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Why are children less likely to be infected with COVID-19 than adults?

Why are children less likely to be infected with COVID-19 than adults?

by YCPress

December 11th that many media mention that since the outbreak of the epidemic, children have accounted for only a small proportion of COVID-19 cases, and this trend has always puzzled scientists.

Now there is a growing amount of evidence to reveal why: children’s immune systems seem to be more capable of clearing the novel coronavirus than adults.

According to Melanie Nylan, an immunologist at the Murdoch Children’s Institute in Melbourne, Australia, the children’s immune system will produce a rapid and effective immune response when it finds the virus, and the virus has the opportunity to self-replicate so that the virus test results are positive. Before sex, remove these viruses.

Researchers at Columbia University published a report pointing to the current scientific evidence that children and adults produce different types and quantities of antibodies in response to COVID-19 infection.

The difference in antibodies indicates that the infection process and immune response of children are different, and most children are more likely to clear the virus from the body.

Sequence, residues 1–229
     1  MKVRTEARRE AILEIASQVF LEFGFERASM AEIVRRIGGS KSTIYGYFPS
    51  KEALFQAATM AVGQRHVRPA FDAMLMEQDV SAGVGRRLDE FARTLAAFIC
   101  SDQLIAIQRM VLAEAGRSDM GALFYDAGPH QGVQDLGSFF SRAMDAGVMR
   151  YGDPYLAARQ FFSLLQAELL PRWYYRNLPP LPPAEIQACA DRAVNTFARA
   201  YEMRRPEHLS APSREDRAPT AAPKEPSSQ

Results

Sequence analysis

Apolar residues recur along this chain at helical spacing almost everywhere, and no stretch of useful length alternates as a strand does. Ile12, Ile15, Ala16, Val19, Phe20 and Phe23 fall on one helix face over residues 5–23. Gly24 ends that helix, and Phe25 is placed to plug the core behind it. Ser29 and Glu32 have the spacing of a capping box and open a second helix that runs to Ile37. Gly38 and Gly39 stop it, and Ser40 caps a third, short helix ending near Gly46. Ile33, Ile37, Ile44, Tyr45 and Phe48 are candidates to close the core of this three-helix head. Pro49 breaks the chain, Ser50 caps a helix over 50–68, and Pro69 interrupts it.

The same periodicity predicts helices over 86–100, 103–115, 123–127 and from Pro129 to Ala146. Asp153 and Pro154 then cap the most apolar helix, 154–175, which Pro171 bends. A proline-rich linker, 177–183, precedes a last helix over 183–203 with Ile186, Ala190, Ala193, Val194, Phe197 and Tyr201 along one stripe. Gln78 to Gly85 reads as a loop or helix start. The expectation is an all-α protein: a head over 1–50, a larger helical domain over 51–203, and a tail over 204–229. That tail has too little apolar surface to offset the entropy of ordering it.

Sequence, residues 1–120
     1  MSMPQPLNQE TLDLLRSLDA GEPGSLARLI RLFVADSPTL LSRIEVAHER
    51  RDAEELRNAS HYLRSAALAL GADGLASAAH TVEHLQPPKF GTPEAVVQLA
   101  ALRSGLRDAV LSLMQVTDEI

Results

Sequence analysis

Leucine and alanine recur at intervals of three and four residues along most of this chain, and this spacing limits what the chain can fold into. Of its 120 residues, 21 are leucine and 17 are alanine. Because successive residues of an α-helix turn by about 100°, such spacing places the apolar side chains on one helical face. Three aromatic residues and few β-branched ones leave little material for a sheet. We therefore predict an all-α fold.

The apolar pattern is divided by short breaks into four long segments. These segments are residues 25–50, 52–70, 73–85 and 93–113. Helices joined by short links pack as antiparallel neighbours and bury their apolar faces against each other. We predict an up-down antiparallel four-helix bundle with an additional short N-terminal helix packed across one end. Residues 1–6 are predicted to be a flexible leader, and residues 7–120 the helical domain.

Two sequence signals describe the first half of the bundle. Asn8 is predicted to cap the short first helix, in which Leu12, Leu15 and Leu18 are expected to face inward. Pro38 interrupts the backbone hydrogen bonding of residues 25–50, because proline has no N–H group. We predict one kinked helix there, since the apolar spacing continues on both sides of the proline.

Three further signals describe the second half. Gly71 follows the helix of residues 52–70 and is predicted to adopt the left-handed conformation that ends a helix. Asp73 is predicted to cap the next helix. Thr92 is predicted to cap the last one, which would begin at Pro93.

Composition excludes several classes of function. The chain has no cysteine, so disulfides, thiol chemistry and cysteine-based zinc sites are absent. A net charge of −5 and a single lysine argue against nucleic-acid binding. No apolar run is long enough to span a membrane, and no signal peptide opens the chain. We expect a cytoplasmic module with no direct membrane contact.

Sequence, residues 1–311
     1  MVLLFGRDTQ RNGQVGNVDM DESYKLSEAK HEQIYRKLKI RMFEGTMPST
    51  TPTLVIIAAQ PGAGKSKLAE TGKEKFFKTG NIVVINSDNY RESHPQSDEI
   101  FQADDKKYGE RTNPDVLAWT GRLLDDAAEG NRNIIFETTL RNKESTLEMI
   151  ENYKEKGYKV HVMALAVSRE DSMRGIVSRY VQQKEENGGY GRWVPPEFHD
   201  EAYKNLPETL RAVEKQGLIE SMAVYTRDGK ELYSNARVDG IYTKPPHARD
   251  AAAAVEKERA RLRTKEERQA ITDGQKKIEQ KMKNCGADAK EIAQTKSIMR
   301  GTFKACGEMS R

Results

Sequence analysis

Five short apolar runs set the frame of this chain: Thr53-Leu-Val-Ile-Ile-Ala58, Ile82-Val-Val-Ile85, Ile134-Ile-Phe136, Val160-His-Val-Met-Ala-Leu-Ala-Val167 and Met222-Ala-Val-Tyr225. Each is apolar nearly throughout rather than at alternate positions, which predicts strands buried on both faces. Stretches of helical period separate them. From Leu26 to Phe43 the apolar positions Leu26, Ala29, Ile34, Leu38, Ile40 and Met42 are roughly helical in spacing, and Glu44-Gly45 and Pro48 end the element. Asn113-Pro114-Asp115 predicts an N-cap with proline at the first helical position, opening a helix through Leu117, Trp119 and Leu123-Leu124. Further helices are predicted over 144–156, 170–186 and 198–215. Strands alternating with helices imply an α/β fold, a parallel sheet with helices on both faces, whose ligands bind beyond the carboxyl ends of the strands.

“The infection process in children is much shorter and likely not as broad as adults,” said Matteo Poloto, one of the authors of the study. He also said: “Children can eliminate the virus more effectively than adults, and it is likely that it does not require a strong antibody immune response.”

According to the report, one of the most prominent manifestations of the COVID-19 pandemic is that most children are better able to cope with the virus, while the elderly have to fight a fierce battle with the virus.

“This is a new virus for everyone, but children can respond to the pathogen in a unique adaptive way for the first time,” said Columbia University immunologist Donna Faber. This is unique to its immune system.

Children have many naive T cells that can recognize various new pathogens, while the elderly mainly rely on immune memory. Adults are far less able to respond to new pathogens than children.”